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Did Jeff Sessions Perjure Himself During His Senate Hearing? Here's What Happened

On Tuesday, Attorney General Jeff Sessions appeared before the Senate Intelligence Committee in regard to the ongoing investigation into Russia’s interference in the United States presidential election. And, according to some viewers, he might have gotten himself into some hot water during the proceedings. Did Jeff Sessions perjure himself during his senate hearing? Some onlookers certainly think so, and it could be a very big problem. Sessions' office did not immediately respond to Romper's request for comment regarding the perjury allegations.

According to Newsweek, after James Comey’s previous hearing on Capitol Hill, the Department of Justice issued a statement that contradicted something Comey said in his testimony. The statement involved the opposing views Comey and Jeff Sessions have on how the attorney general responded when Comey said he asked Sessions to prevent the president from communicating with him directly as director of the FBI. Writer Ryan Goodman was concerned even hours before the Senate hearing that Sessions would perjure himself at his hearing. And now, it looks like Sessions may in fact have lied about at least one part of his testimony. It looks like Session may have lied about never meeting a particular Russian ambassador at the Mayflower Hotel, and someone watching the inquiry pointed out that he had, in fact, met the ambassador.

On Twitter, Mustapha Itani noted that, "Sessions said he doesn't recall meeting Kislyak at the Mayflower Hotel. This is Kislyak next to him in the Mayflower Hotel. #SessionsHearing," in a tweet on Tuesday.

The tweet included a photo of Sessions with the man in question, Russian Ambassador Sergey Kislyak. So for Sessions to say that he doesn't remember meeting Kislyak, his memory is either terrible, which is of course possible, or he is lying.

According to The Atlantic, Sessions was on the defensive during his hearing, and with good reason: he needed to be very careful about anything he said. He had previously stated that any allegations he had colluded with Russia to undermine the election are an "appalling and detestable lie," and that he wouldn't stand for anyone saying he had committed any sort of wrongdoing, according to The Atlantic. He reportedly told the senators present:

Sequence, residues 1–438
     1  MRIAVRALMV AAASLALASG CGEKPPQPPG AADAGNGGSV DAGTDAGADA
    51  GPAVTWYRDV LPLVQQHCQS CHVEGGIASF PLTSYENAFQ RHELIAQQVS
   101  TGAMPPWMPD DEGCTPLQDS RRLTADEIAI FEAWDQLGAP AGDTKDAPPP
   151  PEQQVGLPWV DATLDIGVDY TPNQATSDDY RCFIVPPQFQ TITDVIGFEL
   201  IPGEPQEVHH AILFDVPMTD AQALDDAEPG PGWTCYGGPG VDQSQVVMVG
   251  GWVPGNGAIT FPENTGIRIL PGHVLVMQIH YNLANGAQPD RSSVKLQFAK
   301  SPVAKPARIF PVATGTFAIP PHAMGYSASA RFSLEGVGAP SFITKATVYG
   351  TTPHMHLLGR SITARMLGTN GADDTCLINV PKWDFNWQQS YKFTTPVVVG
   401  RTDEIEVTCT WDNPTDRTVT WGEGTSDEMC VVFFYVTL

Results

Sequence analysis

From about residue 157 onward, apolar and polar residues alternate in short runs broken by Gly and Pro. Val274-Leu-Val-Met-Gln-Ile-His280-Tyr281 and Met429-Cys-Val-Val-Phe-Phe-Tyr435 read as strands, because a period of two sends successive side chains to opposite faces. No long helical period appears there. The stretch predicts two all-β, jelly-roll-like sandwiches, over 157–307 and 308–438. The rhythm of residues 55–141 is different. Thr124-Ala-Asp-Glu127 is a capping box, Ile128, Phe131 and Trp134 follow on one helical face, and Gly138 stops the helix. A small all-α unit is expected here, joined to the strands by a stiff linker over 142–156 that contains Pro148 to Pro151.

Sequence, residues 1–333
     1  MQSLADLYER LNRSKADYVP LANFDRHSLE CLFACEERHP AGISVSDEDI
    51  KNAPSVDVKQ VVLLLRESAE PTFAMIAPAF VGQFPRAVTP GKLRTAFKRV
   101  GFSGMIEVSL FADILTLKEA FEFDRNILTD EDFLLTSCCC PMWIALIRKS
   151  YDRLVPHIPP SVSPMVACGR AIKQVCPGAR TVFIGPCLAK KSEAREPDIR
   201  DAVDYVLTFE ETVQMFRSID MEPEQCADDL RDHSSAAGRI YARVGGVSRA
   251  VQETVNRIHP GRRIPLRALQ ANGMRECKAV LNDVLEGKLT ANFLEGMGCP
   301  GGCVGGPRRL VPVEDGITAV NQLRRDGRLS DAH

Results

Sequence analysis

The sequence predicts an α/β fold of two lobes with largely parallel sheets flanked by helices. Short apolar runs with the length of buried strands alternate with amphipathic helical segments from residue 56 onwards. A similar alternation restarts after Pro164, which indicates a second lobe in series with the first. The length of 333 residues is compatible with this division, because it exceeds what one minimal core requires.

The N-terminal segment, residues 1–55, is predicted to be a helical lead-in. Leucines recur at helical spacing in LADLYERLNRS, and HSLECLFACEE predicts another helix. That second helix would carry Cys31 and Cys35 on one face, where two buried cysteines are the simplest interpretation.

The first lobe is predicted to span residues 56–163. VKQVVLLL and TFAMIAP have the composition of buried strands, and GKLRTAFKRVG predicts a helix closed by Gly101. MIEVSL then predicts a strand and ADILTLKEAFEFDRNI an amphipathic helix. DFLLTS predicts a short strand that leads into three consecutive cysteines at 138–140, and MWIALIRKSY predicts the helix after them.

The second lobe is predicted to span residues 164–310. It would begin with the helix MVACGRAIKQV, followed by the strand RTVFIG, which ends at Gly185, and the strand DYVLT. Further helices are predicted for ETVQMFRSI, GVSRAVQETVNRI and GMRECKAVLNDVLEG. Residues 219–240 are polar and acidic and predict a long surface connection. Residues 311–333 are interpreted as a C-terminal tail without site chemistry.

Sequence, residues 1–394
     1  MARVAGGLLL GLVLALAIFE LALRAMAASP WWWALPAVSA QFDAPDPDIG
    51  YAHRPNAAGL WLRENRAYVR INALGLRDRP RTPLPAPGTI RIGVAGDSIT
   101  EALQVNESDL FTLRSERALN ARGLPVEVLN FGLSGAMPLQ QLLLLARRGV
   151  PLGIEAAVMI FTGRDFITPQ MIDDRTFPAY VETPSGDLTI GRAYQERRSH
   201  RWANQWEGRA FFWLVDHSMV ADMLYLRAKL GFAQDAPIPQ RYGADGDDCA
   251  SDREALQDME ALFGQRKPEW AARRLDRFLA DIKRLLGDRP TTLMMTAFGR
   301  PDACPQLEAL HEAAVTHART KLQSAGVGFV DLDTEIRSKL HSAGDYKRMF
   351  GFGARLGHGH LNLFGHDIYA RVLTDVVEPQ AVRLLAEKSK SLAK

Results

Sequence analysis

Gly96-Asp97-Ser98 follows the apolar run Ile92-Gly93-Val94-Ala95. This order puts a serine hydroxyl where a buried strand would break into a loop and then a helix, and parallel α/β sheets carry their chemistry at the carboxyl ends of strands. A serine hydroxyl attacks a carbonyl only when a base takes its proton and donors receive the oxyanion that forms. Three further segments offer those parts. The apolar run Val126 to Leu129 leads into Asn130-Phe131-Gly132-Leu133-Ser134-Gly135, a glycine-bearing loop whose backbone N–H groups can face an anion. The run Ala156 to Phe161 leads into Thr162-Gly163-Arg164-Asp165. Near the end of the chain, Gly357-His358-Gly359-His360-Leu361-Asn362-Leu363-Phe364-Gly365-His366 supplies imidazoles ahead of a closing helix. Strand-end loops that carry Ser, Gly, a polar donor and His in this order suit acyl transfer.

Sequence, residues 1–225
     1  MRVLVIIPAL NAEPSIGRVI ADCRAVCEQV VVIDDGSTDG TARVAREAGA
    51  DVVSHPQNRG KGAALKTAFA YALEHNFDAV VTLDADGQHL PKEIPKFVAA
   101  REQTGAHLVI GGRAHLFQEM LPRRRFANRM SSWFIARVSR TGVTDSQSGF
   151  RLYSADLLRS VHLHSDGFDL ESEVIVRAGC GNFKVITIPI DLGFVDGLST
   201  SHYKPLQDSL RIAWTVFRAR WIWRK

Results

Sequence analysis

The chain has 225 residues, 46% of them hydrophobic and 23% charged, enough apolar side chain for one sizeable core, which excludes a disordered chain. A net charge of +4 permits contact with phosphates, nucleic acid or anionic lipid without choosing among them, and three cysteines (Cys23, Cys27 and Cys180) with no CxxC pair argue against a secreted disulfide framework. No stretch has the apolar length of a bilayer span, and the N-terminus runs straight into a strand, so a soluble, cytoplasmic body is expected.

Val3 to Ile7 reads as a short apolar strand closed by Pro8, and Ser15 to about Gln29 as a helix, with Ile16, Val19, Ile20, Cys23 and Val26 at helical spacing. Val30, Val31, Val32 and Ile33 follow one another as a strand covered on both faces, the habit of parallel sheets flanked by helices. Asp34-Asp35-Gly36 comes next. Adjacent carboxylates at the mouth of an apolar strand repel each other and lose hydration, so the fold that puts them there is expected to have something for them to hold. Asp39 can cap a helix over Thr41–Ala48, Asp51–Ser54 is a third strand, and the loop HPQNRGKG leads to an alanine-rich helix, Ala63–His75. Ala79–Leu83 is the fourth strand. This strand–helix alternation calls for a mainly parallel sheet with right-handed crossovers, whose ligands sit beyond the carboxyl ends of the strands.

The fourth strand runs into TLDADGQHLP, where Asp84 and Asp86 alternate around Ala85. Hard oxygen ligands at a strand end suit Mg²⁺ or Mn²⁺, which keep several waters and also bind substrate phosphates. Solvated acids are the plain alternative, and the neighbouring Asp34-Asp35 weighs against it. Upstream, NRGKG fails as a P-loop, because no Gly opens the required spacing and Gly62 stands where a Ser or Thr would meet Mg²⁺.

But some are now questioning those high standards, in the wake of possible perjury with just one comment he made during the hearing on Tuesday.

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Twitter reacted to to the idea that Sessions might have committed perjury during the inquiry. Author and editor Ben Howe tweeted, "So Comey said something under oath, and now under oath, Sessions says that was a lie. So at this point, someone has committed perjury."

Twitter user @JonRiley7 was incredulous about the possibility, tweeting, "Everyone agrees Sessions committed perjury orally & in writing by denying Russian meetings. We're just letting that go? #SessionsHearing"

Singer Ricky Davila retweeted a photo showing Sessions with Kislyak, and tweeted, "Jeff Sessions just said he didn't remember seeing Kislyak at The Mayflower, yet here's the pic. That's called perjury. #SessionsHearing"

And before Sessions' hearing started, the Twitter account @RiotWomennn tweeted, "Will Sessions commit perjury again? Cause ... it's gettin' hot in there. #SessionsTestimony," along with photos of the attorney general sipping a glass of water.

The Kislyak photo in particular is making the rounds, because when Minnesota Sen. Al Franken, a Democrat, asked Sessions back in January how he would respond if he found out that anyone associated with the Trump campaign had communicated with the Russian government during the course of the 2016 presidential campaign, according to Elite Daily, Sessions reportedly said:

And the photo proves that he clearly did.

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If Jeff Sessions committed perjury during his Senate Intelligence Committee hearing, there could (and should) be serious consequences. Think Progress reported that, 18 years ago, when Sessions believed former President Bill Clinton had perjured himself, he wrote that "equal justice requires that he forfeit his office." By that standard, if Sessions committed perjury, then according to his own beliefs, he should do the same.

The attorney general, the president, and anyone else in the highest halls of government are not above the law. And they should be held accountable for their actions, especially if those actions involve breaking the law before countless Americans watching at home who are expecting transparency from their representatives and their government.